The upholding and passing on of the kantele tradition is provided with a strong foundation by the fact that this work is carried out in conjunction with kantele teaching at all levels of music education. Teachers are well-versed in the history of the kantele and seek to both preserve and develop the characteristics of the tradition.

A couple of local and regional building and playing styles still live on. Some of them have achieved wider popularity and spread nationwide. Thanks to training, many young players are ambitious developers of their own style. They are simultaneously a guarantee that the kantele will retain its diversity.

The tradition is also being passed on with the help of a wide variety of course activities. Publications are even more important. Kantele music is being published as recordings and sheet music for all genres of music. The Kantele magazine published by Kanteleliitto provides information on the history, present and future of the kantele in great detail. The magazine’s forty annual volumes themselves form a rich documentation on the efforts made to revive the kantele.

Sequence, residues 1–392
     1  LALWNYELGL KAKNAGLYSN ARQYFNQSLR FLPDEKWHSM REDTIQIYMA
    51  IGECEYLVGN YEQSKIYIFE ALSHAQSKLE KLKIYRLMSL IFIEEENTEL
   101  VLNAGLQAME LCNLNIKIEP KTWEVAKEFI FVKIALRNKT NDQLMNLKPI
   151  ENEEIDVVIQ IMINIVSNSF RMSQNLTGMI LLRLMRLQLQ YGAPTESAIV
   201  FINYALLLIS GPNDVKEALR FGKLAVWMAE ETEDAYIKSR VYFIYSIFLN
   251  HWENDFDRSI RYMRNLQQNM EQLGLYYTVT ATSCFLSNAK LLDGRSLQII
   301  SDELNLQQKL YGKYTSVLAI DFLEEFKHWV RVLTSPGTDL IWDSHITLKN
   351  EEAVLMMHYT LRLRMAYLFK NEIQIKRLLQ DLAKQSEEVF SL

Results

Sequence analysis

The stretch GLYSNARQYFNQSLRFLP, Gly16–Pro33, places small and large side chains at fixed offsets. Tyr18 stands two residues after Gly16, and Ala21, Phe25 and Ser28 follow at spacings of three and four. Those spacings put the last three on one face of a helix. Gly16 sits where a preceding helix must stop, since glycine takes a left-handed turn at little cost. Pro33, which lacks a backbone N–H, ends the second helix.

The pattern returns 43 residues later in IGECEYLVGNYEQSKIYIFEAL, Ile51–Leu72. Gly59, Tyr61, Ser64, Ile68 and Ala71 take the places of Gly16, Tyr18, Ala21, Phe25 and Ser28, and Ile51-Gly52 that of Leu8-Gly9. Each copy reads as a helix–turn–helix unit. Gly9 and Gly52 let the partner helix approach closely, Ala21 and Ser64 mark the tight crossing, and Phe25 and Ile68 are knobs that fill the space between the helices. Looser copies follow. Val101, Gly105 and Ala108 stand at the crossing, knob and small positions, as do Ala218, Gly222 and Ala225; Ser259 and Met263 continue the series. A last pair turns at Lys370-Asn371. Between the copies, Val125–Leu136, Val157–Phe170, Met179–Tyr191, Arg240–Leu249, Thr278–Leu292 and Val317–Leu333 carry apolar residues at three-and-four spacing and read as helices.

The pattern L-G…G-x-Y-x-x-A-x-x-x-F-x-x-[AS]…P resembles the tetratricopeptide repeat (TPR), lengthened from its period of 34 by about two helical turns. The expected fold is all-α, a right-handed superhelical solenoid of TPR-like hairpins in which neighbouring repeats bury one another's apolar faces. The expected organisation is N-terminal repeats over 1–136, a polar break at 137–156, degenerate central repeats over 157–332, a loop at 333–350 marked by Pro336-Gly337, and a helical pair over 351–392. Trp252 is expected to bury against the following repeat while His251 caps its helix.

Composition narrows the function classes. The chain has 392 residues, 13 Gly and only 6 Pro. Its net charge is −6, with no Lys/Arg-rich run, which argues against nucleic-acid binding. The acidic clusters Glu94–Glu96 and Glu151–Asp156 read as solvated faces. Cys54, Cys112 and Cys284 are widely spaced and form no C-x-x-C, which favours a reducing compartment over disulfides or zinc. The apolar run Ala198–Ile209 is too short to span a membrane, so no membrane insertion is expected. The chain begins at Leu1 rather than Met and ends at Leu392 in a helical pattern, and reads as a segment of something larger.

The future of the tradition

The future of the Finnish kantele seems to be very secure. Its status has only strengthened and grown more diverse in recent decades. Historical instruments and their music are being revived. On the one hand, instrument builders are coming up with new structural characteristics for the kantele that make it increasingly easy to use in all genres of music. This is particularly visible in the development of the electronic amplification of the sound of the kantele. On the other hand, there are a great number of kantele artists who want to play acoustically, without a sound reinforcement system.